And Pascal's parents Daniel and Violette exist here as memories, although their influence on the narrator is great, frequently intruding on his perception of the world: he is incapable of preventing them from colonizing, or cannibalizing, his thoughts.
Not that this perception is a mature one: the narrator has no personality, indeed is unable to construct himself. The principal positive aspect is that he rejects the violence of his father, although his counteraction is to opt for self-derision, cynicism and disillusionment, to take nothing seriously, including life and death and love. He is in a kind of interstitial life.
Varetz refers to an occasion in which, in a bus shelter in Saint-Germain-des-Prés, he found an abandoned bag of books, which as a bibliophile he had to search, and discovered Stefan Zweig's Ungeduld des Herzens (1939) translated into French as La Pitié dangereuse (and incidentally into English as Beware of Pity). This novel involves a relationship between a soldier and a handicapped young woman.
Both the narrator of Sous vide and his partner Claire are handicapped in different ways, although Claire is much more disadvantaged than the narrator. The narrator is employed by Blanc (an interesting name) as a freelance writer, and is invited to join social functions with him, in spite of the narrator being well aware of the emptiness of people getting together and drinking to hide their emptiness. Claire has a more profound psychiatric problem, clearly revealed in the final sentence of the novel, when – the couple being evicted after the narrator hasn't opened his mail for some time – she grabs a tube of benzodiazepines and succeeds in taking some capsules into her mouth, and putting others between her legs.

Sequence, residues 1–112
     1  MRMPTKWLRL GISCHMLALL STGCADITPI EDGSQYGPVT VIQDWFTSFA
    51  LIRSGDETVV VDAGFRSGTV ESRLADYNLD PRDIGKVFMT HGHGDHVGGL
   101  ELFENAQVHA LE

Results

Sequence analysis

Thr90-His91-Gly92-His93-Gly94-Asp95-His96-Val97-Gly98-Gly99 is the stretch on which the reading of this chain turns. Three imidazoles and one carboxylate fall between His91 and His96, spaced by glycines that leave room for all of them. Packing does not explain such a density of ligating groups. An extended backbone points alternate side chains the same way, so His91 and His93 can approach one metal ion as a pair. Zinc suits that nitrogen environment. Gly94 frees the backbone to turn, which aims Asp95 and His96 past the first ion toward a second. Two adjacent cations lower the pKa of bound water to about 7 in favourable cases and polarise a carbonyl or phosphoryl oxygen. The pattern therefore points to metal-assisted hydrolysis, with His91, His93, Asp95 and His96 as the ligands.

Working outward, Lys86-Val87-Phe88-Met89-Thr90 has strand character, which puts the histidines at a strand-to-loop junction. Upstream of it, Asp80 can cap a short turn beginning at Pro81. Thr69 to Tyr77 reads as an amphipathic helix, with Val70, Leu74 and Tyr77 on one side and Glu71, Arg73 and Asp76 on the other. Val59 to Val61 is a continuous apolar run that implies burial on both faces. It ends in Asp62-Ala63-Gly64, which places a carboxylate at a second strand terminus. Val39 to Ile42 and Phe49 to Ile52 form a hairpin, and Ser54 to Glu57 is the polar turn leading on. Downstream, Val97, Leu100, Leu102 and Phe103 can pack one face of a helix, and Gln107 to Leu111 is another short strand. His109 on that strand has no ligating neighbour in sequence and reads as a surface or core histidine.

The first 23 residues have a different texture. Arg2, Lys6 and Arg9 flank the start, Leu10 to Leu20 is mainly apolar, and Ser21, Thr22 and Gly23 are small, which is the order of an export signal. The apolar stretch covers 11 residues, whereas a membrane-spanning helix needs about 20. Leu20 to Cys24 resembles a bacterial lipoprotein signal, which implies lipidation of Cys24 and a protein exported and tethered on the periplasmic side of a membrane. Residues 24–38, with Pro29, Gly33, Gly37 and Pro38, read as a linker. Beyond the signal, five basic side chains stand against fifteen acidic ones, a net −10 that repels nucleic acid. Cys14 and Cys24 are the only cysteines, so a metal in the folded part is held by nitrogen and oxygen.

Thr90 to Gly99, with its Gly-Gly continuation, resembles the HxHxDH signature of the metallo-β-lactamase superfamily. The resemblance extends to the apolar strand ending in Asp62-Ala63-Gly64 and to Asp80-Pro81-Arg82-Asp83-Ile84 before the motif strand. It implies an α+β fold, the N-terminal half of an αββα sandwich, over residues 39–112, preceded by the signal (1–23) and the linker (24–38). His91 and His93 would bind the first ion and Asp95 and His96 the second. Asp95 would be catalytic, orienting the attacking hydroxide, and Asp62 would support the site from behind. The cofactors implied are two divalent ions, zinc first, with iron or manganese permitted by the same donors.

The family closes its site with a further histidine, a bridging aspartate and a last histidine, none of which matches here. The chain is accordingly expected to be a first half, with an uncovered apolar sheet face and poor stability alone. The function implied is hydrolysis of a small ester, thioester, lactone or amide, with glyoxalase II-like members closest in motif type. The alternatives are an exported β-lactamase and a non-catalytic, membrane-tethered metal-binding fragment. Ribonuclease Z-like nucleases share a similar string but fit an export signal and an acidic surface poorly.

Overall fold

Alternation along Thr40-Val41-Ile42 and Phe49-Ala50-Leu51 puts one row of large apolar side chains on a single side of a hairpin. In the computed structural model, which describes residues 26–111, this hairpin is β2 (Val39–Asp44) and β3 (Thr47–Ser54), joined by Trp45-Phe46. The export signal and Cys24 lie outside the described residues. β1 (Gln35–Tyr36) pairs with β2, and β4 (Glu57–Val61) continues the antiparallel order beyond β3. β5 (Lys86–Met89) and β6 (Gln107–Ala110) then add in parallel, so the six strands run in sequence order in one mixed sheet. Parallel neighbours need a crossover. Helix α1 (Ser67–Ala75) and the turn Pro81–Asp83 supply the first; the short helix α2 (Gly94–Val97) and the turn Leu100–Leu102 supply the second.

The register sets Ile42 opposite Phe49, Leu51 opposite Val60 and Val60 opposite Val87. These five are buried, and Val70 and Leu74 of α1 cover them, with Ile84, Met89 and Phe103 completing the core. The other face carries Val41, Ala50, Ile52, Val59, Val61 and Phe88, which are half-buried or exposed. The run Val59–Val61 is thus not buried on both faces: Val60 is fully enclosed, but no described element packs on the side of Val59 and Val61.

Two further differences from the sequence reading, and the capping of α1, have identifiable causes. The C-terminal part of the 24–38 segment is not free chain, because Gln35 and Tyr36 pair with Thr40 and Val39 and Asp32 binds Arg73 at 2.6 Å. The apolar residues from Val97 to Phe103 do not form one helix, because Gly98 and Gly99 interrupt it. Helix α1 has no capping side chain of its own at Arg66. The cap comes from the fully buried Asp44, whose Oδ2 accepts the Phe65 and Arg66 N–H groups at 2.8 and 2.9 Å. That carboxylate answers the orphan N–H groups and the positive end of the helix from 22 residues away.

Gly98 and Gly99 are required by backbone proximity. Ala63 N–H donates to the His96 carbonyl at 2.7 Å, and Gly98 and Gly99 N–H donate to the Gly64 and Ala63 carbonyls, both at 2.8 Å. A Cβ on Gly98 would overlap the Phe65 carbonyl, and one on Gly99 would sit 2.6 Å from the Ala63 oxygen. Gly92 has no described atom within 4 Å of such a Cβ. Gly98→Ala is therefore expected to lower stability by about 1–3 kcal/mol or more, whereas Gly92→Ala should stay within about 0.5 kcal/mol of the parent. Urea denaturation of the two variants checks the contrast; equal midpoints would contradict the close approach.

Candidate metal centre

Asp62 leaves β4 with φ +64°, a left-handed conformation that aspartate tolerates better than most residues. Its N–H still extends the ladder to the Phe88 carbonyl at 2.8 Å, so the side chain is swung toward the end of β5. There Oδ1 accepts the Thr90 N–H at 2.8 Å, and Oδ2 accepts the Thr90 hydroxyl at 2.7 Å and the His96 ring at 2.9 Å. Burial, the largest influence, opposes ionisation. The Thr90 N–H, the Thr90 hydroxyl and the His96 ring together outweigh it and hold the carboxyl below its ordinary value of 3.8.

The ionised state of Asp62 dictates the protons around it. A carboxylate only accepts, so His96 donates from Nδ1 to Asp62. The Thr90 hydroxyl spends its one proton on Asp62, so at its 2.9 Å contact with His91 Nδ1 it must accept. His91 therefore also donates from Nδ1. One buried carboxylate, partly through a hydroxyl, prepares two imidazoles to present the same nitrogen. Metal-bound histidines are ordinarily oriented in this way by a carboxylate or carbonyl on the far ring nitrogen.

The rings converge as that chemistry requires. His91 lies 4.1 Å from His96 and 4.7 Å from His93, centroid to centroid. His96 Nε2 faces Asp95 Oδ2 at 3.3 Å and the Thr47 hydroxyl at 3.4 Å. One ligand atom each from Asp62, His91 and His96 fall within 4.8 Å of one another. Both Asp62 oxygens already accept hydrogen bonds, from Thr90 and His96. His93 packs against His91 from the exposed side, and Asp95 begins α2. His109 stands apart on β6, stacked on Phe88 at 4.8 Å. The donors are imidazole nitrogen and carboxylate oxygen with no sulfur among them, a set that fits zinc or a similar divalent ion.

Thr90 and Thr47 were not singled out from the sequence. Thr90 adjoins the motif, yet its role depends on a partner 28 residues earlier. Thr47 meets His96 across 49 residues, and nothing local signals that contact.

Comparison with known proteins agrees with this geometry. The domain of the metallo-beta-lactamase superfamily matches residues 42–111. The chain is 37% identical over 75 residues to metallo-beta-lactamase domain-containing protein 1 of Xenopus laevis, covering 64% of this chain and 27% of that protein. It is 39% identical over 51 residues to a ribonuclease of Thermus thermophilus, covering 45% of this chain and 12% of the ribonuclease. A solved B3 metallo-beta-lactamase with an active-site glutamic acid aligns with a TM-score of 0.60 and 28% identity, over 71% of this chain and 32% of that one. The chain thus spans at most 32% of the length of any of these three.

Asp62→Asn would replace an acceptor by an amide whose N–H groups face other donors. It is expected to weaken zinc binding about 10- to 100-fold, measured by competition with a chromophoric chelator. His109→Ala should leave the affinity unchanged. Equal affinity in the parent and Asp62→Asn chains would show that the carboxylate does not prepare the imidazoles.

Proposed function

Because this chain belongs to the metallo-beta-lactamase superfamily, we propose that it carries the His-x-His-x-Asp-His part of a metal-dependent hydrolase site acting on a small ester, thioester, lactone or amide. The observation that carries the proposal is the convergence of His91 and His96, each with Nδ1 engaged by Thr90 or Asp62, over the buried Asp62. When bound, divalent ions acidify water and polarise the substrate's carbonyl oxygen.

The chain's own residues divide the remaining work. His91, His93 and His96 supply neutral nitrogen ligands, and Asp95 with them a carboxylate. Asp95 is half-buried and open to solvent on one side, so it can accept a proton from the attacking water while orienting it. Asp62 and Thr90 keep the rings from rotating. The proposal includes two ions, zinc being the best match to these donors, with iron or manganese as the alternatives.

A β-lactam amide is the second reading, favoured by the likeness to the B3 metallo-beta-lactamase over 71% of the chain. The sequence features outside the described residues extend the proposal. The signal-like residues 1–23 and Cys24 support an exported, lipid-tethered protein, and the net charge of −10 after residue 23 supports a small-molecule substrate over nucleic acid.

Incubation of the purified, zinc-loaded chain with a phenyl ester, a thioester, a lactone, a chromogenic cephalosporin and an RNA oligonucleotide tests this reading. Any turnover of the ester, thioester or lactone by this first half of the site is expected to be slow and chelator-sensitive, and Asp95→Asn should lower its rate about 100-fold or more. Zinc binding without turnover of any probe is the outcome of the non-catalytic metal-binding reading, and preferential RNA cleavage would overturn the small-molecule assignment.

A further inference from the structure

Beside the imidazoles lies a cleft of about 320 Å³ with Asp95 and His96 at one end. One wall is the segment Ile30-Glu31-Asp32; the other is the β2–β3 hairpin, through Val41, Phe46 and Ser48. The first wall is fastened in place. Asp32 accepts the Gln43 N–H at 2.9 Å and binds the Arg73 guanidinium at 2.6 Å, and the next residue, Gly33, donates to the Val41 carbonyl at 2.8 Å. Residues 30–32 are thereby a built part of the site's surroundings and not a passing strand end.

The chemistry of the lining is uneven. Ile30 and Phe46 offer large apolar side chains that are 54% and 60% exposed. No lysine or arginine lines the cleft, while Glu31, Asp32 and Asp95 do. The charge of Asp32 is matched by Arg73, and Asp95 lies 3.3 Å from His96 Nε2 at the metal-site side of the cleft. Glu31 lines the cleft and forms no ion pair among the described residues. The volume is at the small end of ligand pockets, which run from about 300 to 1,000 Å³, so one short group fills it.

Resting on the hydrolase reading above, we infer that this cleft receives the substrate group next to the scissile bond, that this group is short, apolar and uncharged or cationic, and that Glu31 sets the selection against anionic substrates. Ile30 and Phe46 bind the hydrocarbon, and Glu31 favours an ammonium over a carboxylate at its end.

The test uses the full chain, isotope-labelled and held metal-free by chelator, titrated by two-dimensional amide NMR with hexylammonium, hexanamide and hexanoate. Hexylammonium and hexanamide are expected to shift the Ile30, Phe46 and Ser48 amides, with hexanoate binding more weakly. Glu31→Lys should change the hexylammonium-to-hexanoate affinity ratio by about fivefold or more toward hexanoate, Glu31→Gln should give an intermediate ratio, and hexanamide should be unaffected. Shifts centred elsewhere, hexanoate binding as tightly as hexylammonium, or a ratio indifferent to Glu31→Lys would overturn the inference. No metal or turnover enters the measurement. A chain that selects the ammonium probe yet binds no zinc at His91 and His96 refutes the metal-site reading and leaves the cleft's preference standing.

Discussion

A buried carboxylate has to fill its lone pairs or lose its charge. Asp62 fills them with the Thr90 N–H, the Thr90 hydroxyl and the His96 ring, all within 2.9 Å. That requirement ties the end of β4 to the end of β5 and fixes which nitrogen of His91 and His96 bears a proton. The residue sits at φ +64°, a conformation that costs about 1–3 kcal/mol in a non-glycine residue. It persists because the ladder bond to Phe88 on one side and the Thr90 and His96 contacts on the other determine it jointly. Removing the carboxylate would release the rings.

Patrick Varetz writes with power, and is a hugely compelling and original writer.
My other posts on Patrick Varetz:
–––––––––––––––––––––––––––––Patrick Varetz: Petite vie